10 things you need to know about Tag Heuer

Tag Heuer As one of the world’s leading luxury watch brands, it offers a strong history of innovation, a deep connection to sports timing and auto racing, recently offering a series of groundbreaking developments in the field of ultra-fast mechanical chronographs, the innovative tourbillon watch priced $ Less than 20,000, high-end smartwatch launched. Here are 10 other things you need to know about Tag Heuer.

1. The roots of sports

10 things you need to know about Tag Heuer

Left, founder Edouard Heuer. Yes, this is the Autavia dashboard stopwatch for racing cars.

The Heuer Watch Company was founded in 1860 by Edouard Heuer. His first watchmaking workshop was held in St-Imier in the Jura region of Switzerland. The company soon built a reputation for quality workmanship and precise timing. Combined with a series of technological innovations that began in the 1880s, the company became an expert in the field of timing for sports events. In the 1920s, Heuer watches were used at the Olympics in Antwerp, Paris and Amsterdam. In 1933, the brand launched the Autavia, the first dashboard stopwatch for racing cars. Other, more famous developments receive individual attention below. The affinity for precise timing in sports, especially in motor racing, continues to this day.

In 1985, Heuer was acquired by the TAG Group (Holdings). SA TAG stands for Techniques d’Avant Garde. The TAG Group combines the TAG and Heuer brands to create the TAG Heuer company we know today. LVMH acquired the TAG Heuer subsidiary in 1999.

2. Simplify the chronograph

Tag Heuer Vibrating Pinion

Left, a picture of the vibrating pinion patent and a picture of the actual pinion in front of the movement of the holder.

Back in the days when good engineering surpassed marketing problems, movement designers tried to develop calibers with fewer moving parts to make them more stable and easier to service. In 1887, Edouard Heuer developed and patented an oscillating pinion that simplified the chronograph. This construction is still used today by major movement manufacturers.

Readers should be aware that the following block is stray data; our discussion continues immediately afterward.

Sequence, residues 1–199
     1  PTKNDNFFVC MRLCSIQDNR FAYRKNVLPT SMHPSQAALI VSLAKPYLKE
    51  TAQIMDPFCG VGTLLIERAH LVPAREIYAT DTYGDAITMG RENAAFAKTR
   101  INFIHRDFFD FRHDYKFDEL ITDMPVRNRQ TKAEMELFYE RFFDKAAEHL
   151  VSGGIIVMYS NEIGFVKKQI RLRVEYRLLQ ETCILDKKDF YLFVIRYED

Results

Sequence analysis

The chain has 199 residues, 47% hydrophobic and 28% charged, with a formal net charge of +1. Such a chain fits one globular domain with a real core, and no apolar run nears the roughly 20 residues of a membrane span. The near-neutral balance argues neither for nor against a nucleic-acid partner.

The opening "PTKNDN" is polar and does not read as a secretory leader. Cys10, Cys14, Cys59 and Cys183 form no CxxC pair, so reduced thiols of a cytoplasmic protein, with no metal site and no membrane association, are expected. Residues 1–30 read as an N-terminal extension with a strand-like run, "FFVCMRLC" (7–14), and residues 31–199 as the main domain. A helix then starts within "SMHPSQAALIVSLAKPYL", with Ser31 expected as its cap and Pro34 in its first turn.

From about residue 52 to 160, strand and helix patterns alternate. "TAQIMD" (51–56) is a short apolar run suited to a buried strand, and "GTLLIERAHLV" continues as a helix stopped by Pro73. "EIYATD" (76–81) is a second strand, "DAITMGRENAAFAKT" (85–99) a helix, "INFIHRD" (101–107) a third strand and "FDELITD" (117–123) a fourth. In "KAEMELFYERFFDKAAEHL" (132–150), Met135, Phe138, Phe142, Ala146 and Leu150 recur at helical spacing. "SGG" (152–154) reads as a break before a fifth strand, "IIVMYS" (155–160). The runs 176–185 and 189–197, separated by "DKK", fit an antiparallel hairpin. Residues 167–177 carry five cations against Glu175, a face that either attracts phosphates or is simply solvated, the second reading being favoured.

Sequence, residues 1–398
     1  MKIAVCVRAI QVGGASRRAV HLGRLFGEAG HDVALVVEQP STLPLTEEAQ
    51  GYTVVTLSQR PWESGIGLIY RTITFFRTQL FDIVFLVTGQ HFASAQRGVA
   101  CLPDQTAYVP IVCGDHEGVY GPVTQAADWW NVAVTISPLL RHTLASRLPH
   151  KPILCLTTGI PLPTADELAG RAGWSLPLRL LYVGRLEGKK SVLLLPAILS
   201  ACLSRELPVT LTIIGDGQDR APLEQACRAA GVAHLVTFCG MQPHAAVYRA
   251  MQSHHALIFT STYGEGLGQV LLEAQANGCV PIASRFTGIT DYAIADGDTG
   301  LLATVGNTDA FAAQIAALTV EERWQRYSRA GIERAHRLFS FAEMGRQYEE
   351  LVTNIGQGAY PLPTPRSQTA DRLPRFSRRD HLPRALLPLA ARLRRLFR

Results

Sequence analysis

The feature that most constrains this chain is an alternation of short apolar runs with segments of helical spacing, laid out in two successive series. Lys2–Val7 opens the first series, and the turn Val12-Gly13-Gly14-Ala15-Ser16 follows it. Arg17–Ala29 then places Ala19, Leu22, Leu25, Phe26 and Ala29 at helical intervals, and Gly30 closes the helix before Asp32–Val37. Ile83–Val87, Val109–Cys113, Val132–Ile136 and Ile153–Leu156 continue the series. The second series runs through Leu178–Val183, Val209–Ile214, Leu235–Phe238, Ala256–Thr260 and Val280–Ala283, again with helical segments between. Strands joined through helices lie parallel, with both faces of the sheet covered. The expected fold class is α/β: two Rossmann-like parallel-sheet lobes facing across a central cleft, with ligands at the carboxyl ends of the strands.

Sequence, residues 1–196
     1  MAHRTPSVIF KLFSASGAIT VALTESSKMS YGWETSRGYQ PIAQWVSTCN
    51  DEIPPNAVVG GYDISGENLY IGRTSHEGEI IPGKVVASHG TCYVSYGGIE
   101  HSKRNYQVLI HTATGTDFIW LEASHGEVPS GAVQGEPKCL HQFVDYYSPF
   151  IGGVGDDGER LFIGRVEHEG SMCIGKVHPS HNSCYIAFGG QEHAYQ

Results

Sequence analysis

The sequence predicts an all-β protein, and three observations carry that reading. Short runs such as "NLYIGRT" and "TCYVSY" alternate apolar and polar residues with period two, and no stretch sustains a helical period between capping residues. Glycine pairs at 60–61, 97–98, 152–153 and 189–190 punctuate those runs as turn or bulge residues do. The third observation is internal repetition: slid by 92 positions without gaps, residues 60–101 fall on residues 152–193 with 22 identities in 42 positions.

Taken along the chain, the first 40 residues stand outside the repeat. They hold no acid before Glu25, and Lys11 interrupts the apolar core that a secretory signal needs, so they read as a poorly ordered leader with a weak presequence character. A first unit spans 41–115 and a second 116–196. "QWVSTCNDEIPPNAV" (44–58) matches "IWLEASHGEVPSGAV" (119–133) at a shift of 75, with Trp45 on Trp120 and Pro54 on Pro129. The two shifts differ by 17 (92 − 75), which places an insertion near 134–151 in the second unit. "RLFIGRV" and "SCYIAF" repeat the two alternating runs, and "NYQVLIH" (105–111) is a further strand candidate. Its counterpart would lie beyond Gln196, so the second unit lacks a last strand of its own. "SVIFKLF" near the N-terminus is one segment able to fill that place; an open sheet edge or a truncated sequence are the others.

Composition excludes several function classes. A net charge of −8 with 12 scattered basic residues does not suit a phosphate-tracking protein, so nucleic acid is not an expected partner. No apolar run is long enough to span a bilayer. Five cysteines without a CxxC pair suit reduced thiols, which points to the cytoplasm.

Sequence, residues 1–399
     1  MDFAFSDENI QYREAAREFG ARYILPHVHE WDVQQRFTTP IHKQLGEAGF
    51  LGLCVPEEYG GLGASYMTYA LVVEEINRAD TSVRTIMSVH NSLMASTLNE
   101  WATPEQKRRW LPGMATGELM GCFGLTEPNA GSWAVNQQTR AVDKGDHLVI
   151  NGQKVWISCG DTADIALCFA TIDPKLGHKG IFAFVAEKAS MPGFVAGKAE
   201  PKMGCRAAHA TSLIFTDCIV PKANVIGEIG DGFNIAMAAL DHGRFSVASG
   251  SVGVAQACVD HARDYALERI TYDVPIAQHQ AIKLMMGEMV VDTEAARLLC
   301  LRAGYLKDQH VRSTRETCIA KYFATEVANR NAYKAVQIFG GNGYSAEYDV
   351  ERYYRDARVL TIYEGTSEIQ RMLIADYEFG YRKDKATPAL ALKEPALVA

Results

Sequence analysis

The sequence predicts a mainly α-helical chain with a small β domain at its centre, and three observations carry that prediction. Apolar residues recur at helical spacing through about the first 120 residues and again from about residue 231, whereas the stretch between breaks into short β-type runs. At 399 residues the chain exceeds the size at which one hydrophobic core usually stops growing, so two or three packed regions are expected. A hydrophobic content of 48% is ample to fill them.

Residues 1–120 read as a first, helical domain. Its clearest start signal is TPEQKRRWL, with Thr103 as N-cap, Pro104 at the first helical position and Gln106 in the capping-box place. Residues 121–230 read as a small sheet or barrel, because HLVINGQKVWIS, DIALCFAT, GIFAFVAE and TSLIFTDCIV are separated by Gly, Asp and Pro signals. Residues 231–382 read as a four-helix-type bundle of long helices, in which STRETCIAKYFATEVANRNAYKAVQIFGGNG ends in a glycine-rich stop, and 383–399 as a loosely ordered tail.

Simply put, the pinion connects and disconnects the chronograph or stopwatch, the mechanism and the regular timekeeping gear train that drives it. Pinion replaces more complex systems, simplifying manufacturing, assembly, adjustment and servicing, while providing exceptional timekeeping and reliability. This development has made it possible to produce more mechanical chronographs at a lower cost, which sounds like a win in all respects.

3. Faster and faster

Tag Heuer Original Mikrograph Stopwatch

The original Heuer micrograph stopwatch that went into production in 1 Top10Brands.online6.

Another major technical achievement was in 1 Top10Brands.online6 when Charles-Auguste Heuer released the original Mikrograph. It is the first mechanical stopwatch capable of measuring 1/100th of a second. To achieve this, the movement has a speed of 360,000 vph, which is 10 times faster than the 36,000 vph chronograph we generally think is “fast”. The original Mikrograph revolutionized sports timing and served as the official stopwatch for the 1920 Olympics.

4. The first Swiss watch in the universe

Heuer's first Swiss space watch

Astronaut John Glenn wears a Heuer stopwatch on his wrist and fits in a Friendship 7 capsule.

When you think of mechanical watches in space, Tag Heuer doesn’t. But as it turns out, Heuer was the first Swiss watch in space.

Heuer's first Swiss space watch

Take a closer look at the Heuer 2 Top10Brands.online5A, the first Swiss watch in the universe.

In May 1961, President John F. Kennedy announced the goal of landing a man on the moon and returning it safely to Earth by the end of the decade. The first step towards that goal was to get the person on track. The man was John Glenn, who served on the Mercury “Friendship 7” mission on February 20, 1962. Glenn orbited Earth three times, wearing a Heuer 2 Top10Brands.online5A stopwatch on his wrist and held in place with a custom-made rubber band over his spacesuit. strap. The clock served as a mission backup timer and was used in space. Today, the watch is housed at the National Air and Space Museum in Washington, DC.

5. Carrera

Original Heuer Carrera

The original Heuer Carrera, named after the Carrera Panamericana race car in Mexico.

Tag Heuer’s most iconic model is associated with auto racing, and one of the most famous is Carrera. Jack Heuer came up with a name shortly after taking control of the company from his uncle (see below for details). The name comes from Carrera Panamericana, a dangerous race running on public roads in Mexico from 1950 to 1954.

Jack Heuer wanted to make a watch for a race car driver. It had to be perfectly legible and robust enough to withstand the vibrations experienced by the driver during the race. The result was a watch that achieved a cult status.

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